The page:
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Whatever luck the San Jose Sharks had on their side earlier this postseason completely disappeared on Sunday in what was a complete nightmare of a performance against the St. Louis Blues.

Not only did they get thoroughly dominated in a 5-0 loss, but they had a terrible day from an injury standpoint and will be going into Game 6 of the Western Conference Final (Tuesday, 9 p.m. ET on NBCSN) facing elimination with a roster that will almost certainly be far less than 100 percent.

The Sharks’ injury list after Sunday’s game is a significant one and includes some of their top players.

Among them…

  • Defender Erik Karlsson, who entered the game obviously playing through a groin injury, was limited to just 10:32 of ice-time and played just three minutes after the first period, including zero in the third period.
  • Tomas Hertl, one of the team’s best forwards and leading scorers this postseason, exited the game after the second period. He was on the receiving end of a hit to the head from Ivan Barbashev in the first period that was uncalled.
  • Joe Pavelski also left the game in the third period following a high hit from Blues defender Alex Pietrangelo along the boards. Keep in mind that he missed the first six games of their Round 2 series against the Colorado Avalanche with a head injury.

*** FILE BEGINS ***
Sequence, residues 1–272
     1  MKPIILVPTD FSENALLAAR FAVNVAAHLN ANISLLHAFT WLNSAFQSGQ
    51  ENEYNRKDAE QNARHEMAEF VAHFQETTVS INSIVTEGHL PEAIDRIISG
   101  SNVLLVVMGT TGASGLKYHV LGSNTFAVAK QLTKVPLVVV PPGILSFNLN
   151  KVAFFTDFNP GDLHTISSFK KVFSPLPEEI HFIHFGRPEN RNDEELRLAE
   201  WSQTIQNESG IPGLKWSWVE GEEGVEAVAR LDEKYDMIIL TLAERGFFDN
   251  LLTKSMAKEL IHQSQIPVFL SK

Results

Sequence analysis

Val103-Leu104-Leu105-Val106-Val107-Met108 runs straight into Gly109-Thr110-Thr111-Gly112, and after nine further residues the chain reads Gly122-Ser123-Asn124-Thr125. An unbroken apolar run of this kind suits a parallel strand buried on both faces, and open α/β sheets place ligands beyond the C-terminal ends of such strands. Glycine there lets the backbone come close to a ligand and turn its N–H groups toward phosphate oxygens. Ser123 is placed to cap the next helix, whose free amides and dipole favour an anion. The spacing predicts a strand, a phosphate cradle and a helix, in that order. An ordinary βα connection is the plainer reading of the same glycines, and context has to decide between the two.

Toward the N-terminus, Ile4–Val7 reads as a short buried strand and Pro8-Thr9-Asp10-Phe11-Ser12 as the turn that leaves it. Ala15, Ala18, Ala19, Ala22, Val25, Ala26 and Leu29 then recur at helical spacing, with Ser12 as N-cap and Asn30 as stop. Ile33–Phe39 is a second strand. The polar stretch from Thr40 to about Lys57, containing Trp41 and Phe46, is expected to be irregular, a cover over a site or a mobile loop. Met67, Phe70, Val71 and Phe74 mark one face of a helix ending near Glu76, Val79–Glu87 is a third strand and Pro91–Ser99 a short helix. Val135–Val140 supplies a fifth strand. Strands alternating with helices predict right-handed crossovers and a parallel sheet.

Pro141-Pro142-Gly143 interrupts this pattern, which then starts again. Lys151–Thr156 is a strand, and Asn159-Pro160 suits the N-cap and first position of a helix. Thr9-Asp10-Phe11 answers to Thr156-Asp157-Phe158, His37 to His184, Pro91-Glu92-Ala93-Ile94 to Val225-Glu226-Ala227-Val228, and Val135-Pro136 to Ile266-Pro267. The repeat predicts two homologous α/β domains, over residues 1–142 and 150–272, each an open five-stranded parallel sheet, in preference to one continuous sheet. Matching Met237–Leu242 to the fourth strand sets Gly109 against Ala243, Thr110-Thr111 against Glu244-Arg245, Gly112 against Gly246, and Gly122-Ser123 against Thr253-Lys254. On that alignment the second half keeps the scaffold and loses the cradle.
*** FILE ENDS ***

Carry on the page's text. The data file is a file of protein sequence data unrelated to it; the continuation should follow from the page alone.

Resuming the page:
• As if all of that was not enough, Joonas Donskoi also exited the game in the third period after he was hit in the mouth by a puck and was bleeding.

Even if all (or some) of those players are available for Tuesday’s game it is entirely possible they will not be 100 percent. That is especially true for Karlsson who was already looking to be limited in what he was capable of doing entering Sunday’s game. When he did play in Game 5 he looked tentative, slow, and was guilty of a brutal turnover that resulted in the Blues’ first goal.

[NBC 2019 STANLEY CUP PLAYOFF HUB]

That turnover was just the start of what would be a complete meltdown by the Sharks that saw them record 36 penalty minutes (including two misconducts) and give the Blues two 5-on-3 power plays. Add that to the return of the bad version of Martin Jones in net and you had a perfect recipe for a blowout loss on the ice.

As for the Blues, this was just an all-around impressive performance.

The win improved them to 7-2 on the road this postseason and is significant for a number of reasons. For one, it has them in a position where they are now just one win away from reaching the Stanley Cup Final for the first time since the 1970 season. It was also their 11th win of the playoffs, setting a new franchise record for most wins in a single postseason.